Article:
Passage 1 (1) An upsurge of new research suggests that animals have a much higher level of brainpower than previously thought. If animals do have intelligence, how do scientists measure it? Before defining animals’ intelligence, scientists defined what is not intelligence. Instinct is not intelligence. It is a skill programmed into an animal’s brain by its genetic heritage. Rote conditioning is also not intelligence. Tricks can be learned by repetition, but no real thinking is involved. Cuing, in which animals learn to do or not to do certain things by following outside signals, does not demonstrate intelligence.
Scientists believe that insight, the ability to use tools, and communication using human language are all effective measures of the mental ability of animals. (2) When judging animal intelligence, scientists look for insight, which they define as a flash of sudden understanding. When a young gorilla could not reach fruit from a tree, she noticed crates scattered about the lawn near the tree. She piled the crates into a pyramid, then climbed on them to reach her reward. The gorilla’s insight allowed her to solve a new problem without trial and error. (3) The ability to use tools is also an important sign of intelligence.
Crows use sticks to pry peanuts out of cracks. The crow exhibits intelligence by showing it has learned what a stick can do. Likewise, otters use rocks to crack open crab shells in order to get at the meat. In a series of complex moves, chimpanzees have been known to use sticks and stalks in order to get at a favorite snack—termites. To make and use a termite tool, a chimp first selects just the right stalk or twig. He trims and shapes the stick, then finds the entrance to a termite mound. While inserting the stick carefully into the entrance, the chimpanzee turns it skillfully to fit the inner tunnels.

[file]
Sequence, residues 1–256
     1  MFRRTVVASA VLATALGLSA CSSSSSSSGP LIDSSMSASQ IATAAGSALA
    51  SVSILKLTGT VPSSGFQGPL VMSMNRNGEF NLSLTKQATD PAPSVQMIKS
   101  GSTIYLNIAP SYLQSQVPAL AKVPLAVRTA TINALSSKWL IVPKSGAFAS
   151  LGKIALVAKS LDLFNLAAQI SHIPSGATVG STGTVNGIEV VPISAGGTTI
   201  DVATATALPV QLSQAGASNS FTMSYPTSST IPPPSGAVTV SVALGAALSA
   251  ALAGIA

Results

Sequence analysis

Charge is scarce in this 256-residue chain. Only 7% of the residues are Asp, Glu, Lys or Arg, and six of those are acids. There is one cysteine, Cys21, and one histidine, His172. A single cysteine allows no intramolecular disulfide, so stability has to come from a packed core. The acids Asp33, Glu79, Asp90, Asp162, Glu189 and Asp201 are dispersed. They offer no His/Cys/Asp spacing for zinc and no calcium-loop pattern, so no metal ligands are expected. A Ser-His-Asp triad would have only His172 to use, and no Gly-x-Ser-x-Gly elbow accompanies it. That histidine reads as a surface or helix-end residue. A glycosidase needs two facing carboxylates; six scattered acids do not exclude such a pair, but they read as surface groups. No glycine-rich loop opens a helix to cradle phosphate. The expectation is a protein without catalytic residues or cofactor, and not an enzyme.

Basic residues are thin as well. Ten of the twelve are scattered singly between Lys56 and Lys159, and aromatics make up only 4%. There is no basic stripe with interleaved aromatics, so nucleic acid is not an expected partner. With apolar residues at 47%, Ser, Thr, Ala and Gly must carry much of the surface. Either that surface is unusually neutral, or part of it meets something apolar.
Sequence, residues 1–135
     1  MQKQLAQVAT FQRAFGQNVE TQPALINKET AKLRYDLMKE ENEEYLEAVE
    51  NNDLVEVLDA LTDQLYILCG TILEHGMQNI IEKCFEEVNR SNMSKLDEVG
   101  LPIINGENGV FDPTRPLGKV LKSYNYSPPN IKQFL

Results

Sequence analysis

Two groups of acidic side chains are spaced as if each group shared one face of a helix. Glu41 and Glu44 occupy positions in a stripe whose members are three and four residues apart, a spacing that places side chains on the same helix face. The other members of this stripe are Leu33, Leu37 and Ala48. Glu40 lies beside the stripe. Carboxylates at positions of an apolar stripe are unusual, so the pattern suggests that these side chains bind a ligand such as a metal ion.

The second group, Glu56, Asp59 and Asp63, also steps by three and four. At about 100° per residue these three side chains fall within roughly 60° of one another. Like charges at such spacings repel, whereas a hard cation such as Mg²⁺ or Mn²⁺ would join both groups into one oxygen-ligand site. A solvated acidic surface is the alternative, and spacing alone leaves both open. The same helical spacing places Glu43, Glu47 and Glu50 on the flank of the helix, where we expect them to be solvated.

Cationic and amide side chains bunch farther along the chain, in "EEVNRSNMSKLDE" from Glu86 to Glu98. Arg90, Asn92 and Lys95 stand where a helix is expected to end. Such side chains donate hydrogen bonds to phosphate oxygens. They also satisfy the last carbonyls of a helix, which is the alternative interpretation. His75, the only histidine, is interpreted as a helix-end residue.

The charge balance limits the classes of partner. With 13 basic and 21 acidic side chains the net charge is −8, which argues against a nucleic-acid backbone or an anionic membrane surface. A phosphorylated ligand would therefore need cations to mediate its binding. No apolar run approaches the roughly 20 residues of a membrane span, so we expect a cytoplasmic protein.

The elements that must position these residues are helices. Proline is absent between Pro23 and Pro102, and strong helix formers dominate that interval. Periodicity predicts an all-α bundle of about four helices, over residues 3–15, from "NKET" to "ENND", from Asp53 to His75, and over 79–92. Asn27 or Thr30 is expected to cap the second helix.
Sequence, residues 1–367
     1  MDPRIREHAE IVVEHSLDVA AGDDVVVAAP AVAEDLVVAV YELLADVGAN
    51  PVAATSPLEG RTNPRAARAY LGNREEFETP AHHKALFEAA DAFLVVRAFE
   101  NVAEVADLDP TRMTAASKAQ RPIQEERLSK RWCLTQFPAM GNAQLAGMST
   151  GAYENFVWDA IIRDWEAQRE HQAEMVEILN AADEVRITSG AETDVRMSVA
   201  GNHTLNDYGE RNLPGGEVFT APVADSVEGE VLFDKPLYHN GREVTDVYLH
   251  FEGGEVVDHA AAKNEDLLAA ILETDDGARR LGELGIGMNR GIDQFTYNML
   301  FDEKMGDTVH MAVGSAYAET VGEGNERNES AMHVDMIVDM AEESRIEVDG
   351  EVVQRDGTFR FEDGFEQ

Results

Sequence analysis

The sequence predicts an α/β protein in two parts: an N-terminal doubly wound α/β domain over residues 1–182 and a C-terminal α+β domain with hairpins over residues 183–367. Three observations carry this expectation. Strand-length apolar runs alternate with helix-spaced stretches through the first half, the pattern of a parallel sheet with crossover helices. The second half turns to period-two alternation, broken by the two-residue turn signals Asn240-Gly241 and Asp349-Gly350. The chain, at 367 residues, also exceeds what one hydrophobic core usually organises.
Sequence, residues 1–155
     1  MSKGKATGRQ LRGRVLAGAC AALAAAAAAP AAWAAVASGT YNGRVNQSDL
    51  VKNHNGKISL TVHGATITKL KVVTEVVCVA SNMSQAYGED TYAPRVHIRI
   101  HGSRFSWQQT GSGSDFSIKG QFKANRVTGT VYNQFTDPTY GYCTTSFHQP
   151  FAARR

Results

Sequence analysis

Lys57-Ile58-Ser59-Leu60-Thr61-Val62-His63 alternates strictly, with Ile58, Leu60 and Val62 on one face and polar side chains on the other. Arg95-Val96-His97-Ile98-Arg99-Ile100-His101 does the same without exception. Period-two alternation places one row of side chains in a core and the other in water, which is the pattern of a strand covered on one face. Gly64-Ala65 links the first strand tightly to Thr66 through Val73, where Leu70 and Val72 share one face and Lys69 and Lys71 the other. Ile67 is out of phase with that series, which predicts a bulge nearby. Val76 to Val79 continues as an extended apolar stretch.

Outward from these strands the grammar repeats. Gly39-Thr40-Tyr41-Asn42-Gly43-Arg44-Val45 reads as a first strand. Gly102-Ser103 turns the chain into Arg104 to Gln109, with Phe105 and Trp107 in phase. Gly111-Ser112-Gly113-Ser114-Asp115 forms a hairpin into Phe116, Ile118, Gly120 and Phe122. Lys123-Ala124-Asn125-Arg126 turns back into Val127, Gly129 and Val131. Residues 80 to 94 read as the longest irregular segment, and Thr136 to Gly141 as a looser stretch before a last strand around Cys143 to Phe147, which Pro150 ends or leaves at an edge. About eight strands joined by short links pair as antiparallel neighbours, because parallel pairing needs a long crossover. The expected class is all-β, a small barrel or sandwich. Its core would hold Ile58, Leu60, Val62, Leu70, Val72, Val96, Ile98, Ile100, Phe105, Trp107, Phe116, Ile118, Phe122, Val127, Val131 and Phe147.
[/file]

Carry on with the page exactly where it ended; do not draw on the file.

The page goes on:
The chimp attracts the insects by shaking the twig. Then it pulls the tool out without scraping off any termites. Finally, he uses his lips to skim the termites into his mouth. (4) Many animals have learned to communicate using human language. Some primates have learned hundreds of words in sign language. One chimp can recognize and correctly use more than 250 abstract symbols on a keyboard. These symbols represent human words. An amazing parrot can distinguish five objects of two different types. He can understand the difference between the number, color, and kind of object.
The ability to classify is a basic thinking skill. He seems to use language to express his needs and emotions. When ill and taken to the animal hospital for his first overnight stay, this parrot turned to go. “Come here! ” he cried to a scientist who works with him. “I love you. I’m sorry. Wanna go back? ” (5) The research on animal intelligence raises important questions. If animals are smarter than once thought, would that change the way humans interact with them? Would humans stop hunting them for sport or survival? Would animals still be used for food, clothing, or medical experimentation?
Finding the answer to these tough questions makes a difficult puzzle even for a large-brained, problem-solving species like our own. 1. Crows use sticks to pry peanuts out of cracks. Which of the following is the kind of intelligence or conditioning the situation describes? a. rote learning b. tools c. communication d. instinct 2. The underlined word upsurge, as it is used in the first paragraph of the passage, most nearly means a. an increasingly large amount. b. a decreasing amount. c. a well-known amount. d. an immeasurable amount. 3. The concluding paragraph of this passage infers which of the following? . There is no definitive line between those animals with intelligence and those without. b. Animals are being given opportunities to display their intelligence. c. Research showing higher animal intelligence may fuel debate on ethics and cruelty. d. Animals are capable of untrained thought well beyond mere instinct. 4. According to the passage, which of the following is true about animals communicating through the use of human language? a. Parrots can imitate or repeat a sound. b. Dolphins click and whistle. c. Crows screech warnings to other crows. d.